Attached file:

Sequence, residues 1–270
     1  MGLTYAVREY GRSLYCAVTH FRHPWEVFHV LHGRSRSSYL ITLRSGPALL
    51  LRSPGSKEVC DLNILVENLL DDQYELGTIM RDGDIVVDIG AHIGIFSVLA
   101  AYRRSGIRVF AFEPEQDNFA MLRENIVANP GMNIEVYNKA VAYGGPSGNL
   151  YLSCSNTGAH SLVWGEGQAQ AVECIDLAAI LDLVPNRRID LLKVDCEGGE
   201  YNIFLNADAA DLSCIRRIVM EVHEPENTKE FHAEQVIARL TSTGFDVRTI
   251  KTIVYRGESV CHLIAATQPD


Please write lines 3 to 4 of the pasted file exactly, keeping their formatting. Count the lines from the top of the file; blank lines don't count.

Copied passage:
    51  LRSPGSKEVC DLNILVENLL DDQYELGTIM RDGDIVVDIG AHIGIFSVLA
   101  AYRRSGIRVF AFEPEQDNFA MLRENIVANP GMNIEVYNKA VAYGGPSGNL